Simon Lam


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Simon Lam

DPhil candidate, Faculty of History


Simon is studying for a DPhil in History on a Swire Scholarship, under the supervision of Professor Rana Mitter. He holds a MA in History of War from King’s College London and a BA in History and Ancient History from the University of Exeter. Prior to arriving at Oxford, he has worked at the Hong Kong and South China Historical Research Programme based in Lingnan University, Hong Kong. He is interested in the history of war in modern China in all its aspects, from operational history to the societal impact of war, with a main research focus on the Second Sino-Japanese War and the Chinese Civil War. Simon has been active in disseminating historical knowledge and methods in the public sphere through the AskHistorians public history project on Reddit as both a contributor and a moderator over the past few years. He is currently a convenor of the Oxford International History of East Asia Seminar series.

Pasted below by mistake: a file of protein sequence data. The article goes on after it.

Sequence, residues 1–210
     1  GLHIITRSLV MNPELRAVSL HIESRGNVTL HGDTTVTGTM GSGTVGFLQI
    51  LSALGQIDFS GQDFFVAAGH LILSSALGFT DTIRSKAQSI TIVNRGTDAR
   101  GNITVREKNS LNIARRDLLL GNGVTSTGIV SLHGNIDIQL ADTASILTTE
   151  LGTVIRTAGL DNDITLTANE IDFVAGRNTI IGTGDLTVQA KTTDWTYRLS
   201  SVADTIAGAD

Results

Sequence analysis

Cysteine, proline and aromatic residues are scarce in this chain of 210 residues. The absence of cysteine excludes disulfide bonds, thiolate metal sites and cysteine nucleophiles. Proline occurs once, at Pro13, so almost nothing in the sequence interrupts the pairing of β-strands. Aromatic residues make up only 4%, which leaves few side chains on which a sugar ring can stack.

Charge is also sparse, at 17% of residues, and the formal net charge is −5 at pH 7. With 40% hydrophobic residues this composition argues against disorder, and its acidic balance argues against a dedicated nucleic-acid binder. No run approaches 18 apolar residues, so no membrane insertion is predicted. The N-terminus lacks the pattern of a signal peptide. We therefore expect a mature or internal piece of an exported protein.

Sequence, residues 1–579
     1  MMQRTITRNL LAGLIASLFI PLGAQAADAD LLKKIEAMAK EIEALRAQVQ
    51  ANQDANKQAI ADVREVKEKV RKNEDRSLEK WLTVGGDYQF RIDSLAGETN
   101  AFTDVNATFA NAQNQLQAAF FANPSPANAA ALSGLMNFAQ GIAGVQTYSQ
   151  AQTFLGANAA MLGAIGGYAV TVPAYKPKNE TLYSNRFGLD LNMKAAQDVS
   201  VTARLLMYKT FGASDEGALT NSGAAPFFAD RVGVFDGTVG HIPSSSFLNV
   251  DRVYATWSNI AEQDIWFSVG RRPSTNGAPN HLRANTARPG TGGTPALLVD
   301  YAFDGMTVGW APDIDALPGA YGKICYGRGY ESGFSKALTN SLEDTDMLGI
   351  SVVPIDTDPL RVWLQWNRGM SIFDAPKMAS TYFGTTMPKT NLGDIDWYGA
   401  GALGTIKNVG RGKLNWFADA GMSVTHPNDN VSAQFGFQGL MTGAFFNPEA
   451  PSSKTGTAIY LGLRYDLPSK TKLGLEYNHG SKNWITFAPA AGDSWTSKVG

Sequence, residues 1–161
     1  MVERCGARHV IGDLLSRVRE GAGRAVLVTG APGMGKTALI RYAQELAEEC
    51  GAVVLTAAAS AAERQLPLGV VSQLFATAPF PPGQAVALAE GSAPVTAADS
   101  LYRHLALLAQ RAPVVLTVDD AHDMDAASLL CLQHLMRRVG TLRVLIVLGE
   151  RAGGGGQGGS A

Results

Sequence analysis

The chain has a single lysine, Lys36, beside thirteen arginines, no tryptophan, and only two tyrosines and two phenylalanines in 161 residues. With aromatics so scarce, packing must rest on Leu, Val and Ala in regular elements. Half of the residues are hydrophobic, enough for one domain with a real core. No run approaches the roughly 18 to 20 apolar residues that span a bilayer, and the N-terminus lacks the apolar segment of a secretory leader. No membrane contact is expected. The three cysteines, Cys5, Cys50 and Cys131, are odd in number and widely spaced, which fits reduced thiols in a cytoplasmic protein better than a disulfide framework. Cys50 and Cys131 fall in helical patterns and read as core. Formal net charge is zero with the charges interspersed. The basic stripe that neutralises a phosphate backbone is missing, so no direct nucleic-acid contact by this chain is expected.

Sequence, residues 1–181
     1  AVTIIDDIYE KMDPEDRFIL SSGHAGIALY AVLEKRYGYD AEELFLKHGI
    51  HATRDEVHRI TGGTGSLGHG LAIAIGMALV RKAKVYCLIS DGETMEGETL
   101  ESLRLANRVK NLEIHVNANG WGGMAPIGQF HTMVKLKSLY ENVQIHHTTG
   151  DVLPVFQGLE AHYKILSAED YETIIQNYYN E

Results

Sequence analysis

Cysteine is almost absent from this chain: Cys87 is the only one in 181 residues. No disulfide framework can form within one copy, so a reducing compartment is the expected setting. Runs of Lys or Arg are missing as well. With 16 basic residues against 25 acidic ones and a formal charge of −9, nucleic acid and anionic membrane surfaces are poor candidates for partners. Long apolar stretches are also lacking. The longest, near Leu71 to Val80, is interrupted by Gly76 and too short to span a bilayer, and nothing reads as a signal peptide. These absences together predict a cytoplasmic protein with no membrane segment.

DPhil topic

‘Competing Visions in a Contested Region: The Political Reconstruction of South China, 1944‒1946’

My thesis investigates the vision, planning and implementation of political reconstruction by the Guomindang, the Chinese Communist Party, warlords, intellectuals and various foreign powers following the destructive Second Sino-Japanese War. By focusing on the politically varied and predominantly rural landscape of South China, this thesis aims to bring new insights to the academic discussion on the post-war reconstruction of China, which has predominantly concentrated on socio-political changes brought about by the Guomindang’s return to Japanese-occupied urban areas in the Yangtze Delta and Northeast China. Relying on correspondence drawn from American, British, Chinese and Taiwanese archives, as well as diaries and memoirs from various figures involved in post-war reconstruction, my thesis fundamentally seeks to understand why the Guomindang failed to convince its allies, adversaries and the populace to support a party-led political reconstruction of China, and conversely, why the Chinese Communist Party succeeded.